emissions historically have been regulated under the Clean
Air Act because of health concerns. Sulfur dioxide interacts
in the atmosphere to form sulfate aerosol particles which
can be inhaled. In the eastern U. S. sulfate aerosols
constitute about 25 percent of inhalable particles.
These particles account for about half of visibility reduction
in these same areas.
Sulfur is a contaminate in oil
which makes its way into gasoline for motor vehicles.
The federal EPA wants sulfur levels of gasoline sold
in the United States reduced substantially. So,
in December 1999, President Clinton announced a mandated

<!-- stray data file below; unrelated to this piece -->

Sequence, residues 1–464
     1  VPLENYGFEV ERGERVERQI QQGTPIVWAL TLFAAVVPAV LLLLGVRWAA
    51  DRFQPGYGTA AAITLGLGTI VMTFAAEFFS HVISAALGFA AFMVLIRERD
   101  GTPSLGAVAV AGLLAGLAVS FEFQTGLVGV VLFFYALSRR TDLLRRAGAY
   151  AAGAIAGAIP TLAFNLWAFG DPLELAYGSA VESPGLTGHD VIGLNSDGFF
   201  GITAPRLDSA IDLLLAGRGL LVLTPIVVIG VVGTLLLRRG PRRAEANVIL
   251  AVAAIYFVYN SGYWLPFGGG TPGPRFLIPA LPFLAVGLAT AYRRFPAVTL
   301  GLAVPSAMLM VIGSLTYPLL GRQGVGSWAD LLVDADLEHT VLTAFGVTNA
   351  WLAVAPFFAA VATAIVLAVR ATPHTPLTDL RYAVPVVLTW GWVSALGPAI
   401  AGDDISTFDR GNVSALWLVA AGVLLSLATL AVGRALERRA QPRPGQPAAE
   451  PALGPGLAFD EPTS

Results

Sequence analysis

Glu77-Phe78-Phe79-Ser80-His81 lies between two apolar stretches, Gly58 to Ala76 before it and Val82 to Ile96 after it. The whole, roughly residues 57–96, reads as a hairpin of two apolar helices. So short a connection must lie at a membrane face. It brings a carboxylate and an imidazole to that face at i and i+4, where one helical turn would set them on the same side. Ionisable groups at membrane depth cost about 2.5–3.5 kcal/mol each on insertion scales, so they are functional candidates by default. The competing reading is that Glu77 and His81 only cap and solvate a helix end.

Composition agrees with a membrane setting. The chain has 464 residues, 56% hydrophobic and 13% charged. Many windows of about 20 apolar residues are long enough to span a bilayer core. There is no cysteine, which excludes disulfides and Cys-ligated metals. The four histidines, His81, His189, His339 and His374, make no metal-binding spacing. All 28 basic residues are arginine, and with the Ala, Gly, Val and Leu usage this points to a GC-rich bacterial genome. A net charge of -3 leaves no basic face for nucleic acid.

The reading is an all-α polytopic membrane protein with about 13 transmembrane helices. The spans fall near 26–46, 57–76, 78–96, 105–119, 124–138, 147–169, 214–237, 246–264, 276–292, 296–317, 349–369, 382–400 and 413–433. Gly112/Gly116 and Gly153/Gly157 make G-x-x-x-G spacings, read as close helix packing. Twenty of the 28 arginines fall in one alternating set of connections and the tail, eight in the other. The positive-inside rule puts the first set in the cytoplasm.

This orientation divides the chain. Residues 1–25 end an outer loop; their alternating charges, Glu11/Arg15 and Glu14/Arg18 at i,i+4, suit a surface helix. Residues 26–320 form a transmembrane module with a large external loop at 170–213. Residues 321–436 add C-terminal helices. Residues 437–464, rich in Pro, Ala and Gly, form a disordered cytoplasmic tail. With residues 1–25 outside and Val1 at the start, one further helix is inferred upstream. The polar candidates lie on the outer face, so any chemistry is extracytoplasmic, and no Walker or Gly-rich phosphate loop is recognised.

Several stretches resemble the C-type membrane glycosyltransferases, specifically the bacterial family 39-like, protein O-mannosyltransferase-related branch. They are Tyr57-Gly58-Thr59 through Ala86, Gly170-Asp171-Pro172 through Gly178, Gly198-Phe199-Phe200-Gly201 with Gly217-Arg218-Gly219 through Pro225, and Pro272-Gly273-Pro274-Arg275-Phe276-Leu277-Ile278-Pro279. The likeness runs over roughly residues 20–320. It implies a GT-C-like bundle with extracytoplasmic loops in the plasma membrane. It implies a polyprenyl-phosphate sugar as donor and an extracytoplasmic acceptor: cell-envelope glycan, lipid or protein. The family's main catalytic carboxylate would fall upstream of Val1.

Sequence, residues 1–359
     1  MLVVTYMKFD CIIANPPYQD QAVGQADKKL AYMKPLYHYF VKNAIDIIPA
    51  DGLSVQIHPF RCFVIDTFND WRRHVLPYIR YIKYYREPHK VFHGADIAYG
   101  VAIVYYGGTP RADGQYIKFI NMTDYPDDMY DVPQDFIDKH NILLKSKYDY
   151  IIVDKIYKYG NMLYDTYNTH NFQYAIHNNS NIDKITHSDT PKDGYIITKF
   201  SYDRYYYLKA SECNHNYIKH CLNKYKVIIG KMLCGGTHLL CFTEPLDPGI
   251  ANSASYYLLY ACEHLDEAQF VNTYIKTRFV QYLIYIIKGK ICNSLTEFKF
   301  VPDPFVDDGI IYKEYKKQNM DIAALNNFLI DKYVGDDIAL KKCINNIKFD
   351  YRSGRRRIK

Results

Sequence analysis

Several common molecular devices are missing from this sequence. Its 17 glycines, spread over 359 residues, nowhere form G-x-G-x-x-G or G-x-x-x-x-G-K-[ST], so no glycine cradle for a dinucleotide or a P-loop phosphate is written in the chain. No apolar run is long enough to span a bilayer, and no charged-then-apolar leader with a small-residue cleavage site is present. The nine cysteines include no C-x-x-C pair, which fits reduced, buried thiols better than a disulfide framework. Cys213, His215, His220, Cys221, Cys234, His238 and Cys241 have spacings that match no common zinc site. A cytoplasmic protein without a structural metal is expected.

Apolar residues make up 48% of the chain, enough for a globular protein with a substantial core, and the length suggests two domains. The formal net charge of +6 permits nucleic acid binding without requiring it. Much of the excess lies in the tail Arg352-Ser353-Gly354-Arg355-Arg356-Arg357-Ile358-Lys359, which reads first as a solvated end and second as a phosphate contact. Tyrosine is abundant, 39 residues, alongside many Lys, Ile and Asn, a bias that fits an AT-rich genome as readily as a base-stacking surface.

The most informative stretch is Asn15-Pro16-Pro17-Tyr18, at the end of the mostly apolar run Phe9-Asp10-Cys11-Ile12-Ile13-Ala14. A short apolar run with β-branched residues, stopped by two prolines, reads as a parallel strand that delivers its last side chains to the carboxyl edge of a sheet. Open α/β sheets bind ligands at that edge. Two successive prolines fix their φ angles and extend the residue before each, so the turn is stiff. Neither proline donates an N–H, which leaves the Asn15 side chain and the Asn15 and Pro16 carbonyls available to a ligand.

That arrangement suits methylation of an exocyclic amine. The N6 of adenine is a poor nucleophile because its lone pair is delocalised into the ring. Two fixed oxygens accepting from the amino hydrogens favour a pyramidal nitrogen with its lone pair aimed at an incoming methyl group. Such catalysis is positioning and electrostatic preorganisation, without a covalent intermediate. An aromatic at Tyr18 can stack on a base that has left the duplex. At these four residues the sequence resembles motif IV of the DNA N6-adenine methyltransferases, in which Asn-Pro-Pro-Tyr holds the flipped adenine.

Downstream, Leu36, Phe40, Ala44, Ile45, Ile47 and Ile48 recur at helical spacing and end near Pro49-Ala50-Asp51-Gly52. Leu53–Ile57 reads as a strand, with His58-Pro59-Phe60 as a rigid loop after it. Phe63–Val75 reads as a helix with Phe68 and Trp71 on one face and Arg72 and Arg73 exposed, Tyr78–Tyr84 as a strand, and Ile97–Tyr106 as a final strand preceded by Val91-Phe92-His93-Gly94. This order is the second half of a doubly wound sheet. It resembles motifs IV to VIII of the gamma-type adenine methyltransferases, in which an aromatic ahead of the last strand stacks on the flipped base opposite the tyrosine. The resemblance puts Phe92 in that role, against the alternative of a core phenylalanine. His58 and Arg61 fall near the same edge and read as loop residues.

schedule for a major reduction of gasoline sulfur content.
California has switched to low-sulfur gasoline and the European
Union, Japan, and Canada have decided to follow suit. Calfornia
regulators believe that the move to low-sulfur gasoline
in 1996 was the most important step toward improving air
quality since the 1975 introduction of the catalytic converter.
Haze over national
parks has been a decades-old problem. Sulfur dioxide is
a major culprit. The Clinton administration proposed a rule
to eliminate 90% to 95% of sulfur emissions from 26 industrial
sources, particularly 600 old (1962-1977) coal-fired power
plant boilers. With public opinion polls plummeting due
to hard-line environmental stances, the Bush administration
in 2001 supported the changes.
Last updated on Tuesday, July 24, 2001